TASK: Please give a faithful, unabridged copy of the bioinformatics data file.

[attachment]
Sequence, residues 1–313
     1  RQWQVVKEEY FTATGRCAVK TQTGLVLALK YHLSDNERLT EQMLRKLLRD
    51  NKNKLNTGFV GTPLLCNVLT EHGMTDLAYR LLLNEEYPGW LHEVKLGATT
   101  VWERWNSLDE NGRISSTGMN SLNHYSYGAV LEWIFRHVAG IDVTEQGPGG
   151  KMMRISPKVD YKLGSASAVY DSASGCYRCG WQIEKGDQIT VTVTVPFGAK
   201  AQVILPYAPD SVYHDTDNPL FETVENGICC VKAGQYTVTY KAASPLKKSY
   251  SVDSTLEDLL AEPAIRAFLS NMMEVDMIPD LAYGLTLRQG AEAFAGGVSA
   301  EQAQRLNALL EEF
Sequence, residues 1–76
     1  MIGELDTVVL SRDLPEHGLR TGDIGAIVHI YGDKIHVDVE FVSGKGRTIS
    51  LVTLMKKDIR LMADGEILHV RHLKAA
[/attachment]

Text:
Sequence, residues 1–313
     1  RQWQVVKEEY FTATGRCAVK TQTGLVLALK YHLSDNERLT EQMLRKLLRD
    51  NKNKLNTGFV GTPLLCNVLT EHGMTDLAYR LLLNEEYPGW LHEVKLGATT
   101  VWERWNSLDE NGRISSTGMN SLNHYSYGAV LEWIFRHVAG IDVTEQGPGG
   151  KMMRISPKVD YKLGSASAVY DSASGCYRCG WQIEKGDQIT VTVTVPFGAK
   201  AQVILPYAPD SVYHDTDNPL FETVENGICC VKAGQYTVTY KAASPLKKSY
   251  SVDSTLEDLL AEPAIRAFLS NMMEVDMIPD LAYGLTLRQG AEAFAGGVSA
   301  EQAQRLNALL EEF
Sequence, residues 1–76
     1  MIGELDTVVL SRDLPEHGLR TGDIGAIVHI YGDKIHVDVE FVSGKGRTIS
    51  LVTLMKKDIR LMADGEILHV RHLKAA